NATION

‘Colossal’ Recovery Ahead

The rebuild ahead of Fiji is “colossal” with 40 per cent of the country’s children affected by Cyclone Winston, UNICEF’s Alice Clements says. Almost a fortnight after the impact of
05 Mar 2016 10:58
‘Colossal’  Recovery  Ahead
A RNZAF NH90 Helicopter lands in Nasau, Koro Island to deliver personnel, aid, and equipment. The NZDF has deployed to Fiji to provide Humanitarian Aid and Distaster Relief following Tropical Cyclone Winston.

The rebuild ahead of Fiji is “colossal” with 40 per cent of the country’s children affected by Cyclone Winston, UNICEF’s Alice Clements says.

Almost a fortnight after the impact of the Category Five tropical cyclone – the country’s strongest storm in recorded history – the extent of the damage is slowly coming to light.

Ms Clements says the Government has made it clear “no Fijian will be left behind” in the recovery.

“We’re seeing the military getting aid supplies out to the furthest islands.”

It’s estimated 250,000 people are still without safe drinking water and are in need of “urgent assistance”, she says. “A lot of the evacuation centres don’t have power and water.”

She has visited centres where up to 17 people are sheltering in one room, sharing one toilet, which has her particularly concerned for the welfare of children.

“There are risks for children’s physical protection and also their emotional wellbeing in terms of their recovery in these situations.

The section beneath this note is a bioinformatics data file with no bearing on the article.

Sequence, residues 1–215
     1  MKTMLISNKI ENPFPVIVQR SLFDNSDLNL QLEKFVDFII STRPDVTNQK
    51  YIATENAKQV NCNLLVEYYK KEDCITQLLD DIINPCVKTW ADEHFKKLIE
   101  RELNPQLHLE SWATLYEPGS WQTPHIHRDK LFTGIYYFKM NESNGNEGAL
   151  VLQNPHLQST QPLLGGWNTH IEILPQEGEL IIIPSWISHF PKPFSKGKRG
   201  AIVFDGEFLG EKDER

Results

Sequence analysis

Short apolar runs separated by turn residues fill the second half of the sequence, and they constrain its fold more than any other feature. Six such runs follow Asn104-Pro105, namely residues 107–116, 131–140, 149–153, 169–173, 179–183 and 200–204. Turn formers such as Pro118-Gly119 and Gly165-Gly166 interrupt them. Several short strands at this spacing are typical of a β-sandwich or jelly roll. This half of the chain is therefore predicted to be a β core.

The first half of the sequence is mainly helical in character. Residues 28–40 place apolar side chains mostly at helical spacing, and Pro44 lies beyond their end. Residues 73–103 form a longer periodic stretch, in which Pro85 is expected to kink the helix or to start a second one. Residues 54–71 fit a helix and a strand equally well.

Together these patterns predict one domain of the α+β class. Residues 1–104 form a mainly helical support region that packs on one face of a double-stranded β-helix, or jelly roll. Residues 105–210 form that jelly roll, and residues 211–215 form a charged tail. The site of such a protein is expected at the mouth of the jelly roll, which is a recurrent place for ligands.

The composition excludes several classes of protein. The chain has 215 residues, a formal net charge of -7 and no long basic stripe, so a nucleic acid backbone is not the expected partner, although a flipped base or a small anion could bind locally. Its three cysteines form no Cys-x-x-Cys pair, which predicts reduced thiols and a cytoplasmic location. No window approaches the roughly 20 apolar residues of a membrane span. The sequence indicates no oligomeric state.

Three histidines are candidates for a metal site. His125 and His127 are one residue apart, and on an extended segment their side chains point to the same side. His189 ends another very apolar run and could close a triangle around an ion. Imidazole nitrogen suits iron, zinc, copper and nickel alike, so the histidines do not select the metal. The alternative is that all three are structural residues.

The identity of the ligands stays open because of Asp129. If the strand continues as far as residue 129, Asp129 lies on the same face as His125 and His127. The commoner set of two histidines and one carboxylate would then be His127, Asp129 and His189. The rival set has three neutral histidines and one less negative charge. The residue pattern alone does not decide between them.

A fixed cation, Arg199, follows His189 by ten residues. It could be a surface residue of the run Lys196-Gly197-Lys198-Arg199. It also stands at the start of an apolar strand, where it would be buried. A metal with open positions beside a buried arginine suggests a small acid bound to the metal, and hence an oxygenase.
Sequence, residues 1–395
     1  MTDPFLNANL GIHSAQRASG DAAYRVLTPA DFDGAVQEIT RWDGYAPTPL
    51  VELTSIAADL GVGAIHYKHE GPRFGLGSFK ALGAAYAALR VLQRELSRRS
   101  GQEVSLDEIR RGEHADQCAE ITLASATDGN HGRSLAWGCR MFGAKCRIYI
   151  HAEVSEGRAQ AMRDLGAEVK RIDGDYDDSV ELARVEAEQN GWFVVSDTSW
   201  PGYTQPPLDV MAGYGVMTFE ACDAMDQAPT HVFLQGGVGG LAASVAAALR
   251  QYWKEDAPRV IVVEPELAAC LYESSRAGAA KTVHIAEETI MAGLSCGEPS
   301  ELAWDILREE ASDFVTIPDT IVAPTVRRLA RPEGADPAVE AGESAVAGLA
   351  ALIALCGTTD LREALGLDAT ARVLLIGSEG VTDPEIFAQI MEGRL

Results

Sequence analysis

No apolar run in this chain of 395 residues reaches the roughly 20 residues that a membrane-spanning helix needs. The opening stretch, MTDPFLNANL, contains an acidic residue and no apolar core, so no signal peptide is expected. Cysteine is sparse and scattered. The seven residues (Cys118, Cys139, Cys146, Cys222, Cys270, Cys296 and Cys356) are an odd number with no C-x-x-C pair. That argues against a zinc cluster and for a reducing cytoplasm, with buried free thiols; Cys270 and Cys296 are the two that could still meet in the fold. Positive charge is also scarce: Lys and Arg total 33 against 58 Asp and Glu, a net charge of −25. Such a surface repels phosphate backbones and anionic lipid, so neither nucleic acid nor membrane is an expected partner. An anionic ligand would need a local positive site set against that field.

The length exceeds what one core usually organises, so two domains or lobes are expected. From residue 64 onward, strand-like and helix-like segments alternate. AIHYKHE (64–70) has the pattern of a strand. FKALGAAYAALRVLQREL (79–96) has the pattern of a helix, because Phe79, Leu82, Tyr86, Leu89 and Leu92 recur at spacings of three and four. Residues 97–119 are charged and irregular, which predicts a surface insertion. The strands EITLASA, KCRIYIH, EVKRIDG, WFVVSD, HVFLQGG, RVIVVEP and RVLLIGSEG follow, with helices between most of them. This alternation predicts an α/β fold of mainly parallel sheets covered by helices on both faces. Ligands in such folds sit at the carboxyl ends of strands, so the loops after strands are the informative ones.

“Unsafe water can be a killer, especially for young children.”

UNICEF has helped more than 2400 children get back into learning with “pop-up” schools: “Our experience over many years has shown that getting children back into school quickly, even if that school is in a tent, is one of the fastest and most effective ways to keep them safe and help them recover emotionally.

“That’s where you can see long-term impacts for the country if an entire generation of children misses out on too much school that feeds through…

“I can tell you, I’ve seen school tents getting set up and I’ve seen headmasters crying because they are so grateful.”

A focus of the rebuild is to create communities more resilient than before the storm, she says.

“This is the second Category Five cyclone in the South Pacific in less than 12 months. Cyclone Pam was on March 13, 2015.

“Whether we like it or not, we’re seeing directly the impacts of climate change in this situation. A cyclone needs warm water to move across the ocean at that strength. The more warm water there is, the further the cyclone can travel. This was predicted as part of the El Nino forecast, and sadly it’s come true.”

On Thursday, the New Zealand Defence Force’s humanitarian aid operation brought close to 300 additional personnel and 106 more tonnes of emergency relief supplies with the arrival of multi-roles vessel HMNZS Canterbury.

Commander of the task group in Fiji Colonel Glenn King said Canterbury will serve as the maritime base for New Zealand’s post-disaster recovery operations in Fiji:

“We work to the Fiji Government’s priorities and their request to us is to get food, water and shelter to the disaster-struck remote communities in the northern outlying islands.”

The same ship provided aid in Vanuatu last year in the wake of Cyclone Pam.

Colonel King said no end-date for the NZDF deployment to Fiji had been determined at this stage.

 

 

Feedback:  jyotip@fijisun.com.fj

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